The New York times discusses the health problems of football players, including obstructive sleep apnea:
According to a 2003 study published in The New England Journal of Medicine, 14 percent of N.F.L. players had obstructive sleep apnea, a disease that impairs breathing and is known to affect large, muscular individuals like football linemen more often than people of average size. Reggie White, a Hall of Fame defensive lineman, died at 43 in 2004 after having cardiac arrhythmia, but he also had sleep apnea, which may have contributed to his death.
With more football linemen weighing much more than 300 pounds, doctors said they expected sleep apnea to become more prevalent .
“The primary treatment for sleep apnea is to lose weight, and they can’t,” said Dr. Allan Levy, an associate team physician with the Giants, who is assisting with this week’s screening. “There’s no such thing as a 225-pound offensive lineman. We try to make certain that they understand that they’ve got to come down in weight when they retire. All of my offensive lineman from the Giants’ two Super Bowl wins have all lost at least 50 pounds. They’re all in excellent health. You see some of the other guys, and they’re just huge. They’ve got all kinds of problems.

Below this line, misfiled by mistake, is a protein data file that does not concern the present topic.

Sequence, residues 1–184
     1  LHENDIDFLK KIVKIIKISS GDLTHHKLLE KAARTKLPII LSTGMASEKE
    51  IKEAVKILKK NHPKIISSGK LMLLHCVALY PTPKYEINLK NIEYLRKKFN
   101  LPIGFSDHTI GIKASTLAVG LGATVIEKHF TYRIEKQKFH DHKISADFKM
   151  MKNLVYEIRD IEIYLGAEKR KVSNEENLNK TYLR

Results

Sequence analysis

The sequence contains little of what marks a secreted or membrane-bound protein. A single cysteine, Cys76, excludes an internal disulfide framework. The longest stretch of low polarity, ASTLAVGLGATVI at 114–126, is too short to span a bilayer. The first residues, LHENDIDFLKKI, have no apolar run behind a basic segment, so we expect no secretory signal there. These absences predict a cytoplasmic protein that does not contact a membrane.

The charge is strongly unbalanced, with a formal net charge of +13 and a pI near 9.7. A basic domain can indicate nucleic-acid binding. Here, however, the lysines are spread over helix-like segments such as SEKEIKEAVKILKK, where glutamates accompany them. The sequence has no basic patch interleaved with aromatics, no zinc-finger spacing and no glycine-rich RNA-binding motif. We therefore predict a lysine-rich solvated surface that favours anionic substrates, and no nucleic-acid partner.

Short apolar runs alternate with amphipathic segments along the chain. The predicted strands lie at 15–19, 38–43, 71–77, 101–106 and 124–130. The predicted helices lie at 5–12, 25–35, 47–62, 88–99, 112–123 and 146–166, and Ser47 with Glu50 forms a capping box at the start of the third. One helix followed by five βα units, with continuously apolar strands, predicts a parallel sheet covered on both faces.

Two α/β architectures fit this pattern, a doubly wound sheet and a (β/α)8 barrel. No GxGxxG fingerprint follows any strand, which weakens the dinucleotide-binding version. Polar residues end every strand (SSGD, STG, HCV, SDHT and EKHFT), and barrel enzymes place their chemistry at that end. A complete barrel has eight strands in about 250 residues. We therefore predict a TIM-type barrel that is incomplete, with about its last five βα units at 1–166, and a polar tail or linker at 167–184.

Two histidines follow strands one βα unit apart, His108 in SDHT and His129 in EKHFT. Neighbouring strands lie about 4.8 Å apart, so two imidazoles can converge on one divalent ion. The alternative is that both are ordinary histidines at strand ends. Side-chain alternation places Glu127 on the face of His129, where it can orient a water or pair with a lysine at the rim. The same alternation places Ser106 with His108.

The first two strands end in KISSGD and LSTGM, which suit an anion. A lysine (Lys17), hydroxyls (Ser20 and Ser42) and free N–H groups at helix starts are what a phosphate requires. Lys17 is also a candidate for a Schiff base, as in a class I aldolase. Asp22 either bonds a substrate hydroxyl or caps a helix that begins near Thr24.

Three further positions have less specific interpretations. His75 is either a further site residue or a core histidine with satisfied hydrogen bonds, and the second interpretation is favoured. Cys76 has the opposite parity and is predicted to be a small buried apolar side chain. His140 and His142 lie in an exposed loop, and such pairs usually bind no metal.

“The problem with sleep apnea is in the neck. A 17½-inch neck is usually where the problem begins. When they sleep, the muscles relax in the body. Now the weight of their neck clasps down on their airway. They stop breathing. They momentarily wake up, then the cycle starts over again, and they never get into deep sleep. They develop heart disease and hypertension. Sleep apnea is a killer. One of the kids that played for us, we did a sleep study on, had 440 awakenings during the night.”
The most common treatment for sleep apnea involves wearing a mask that supplies a stream of air through the nose during sleep.
Increased neck size and obesity are 2 major risk factors for obstructive sleep apnea.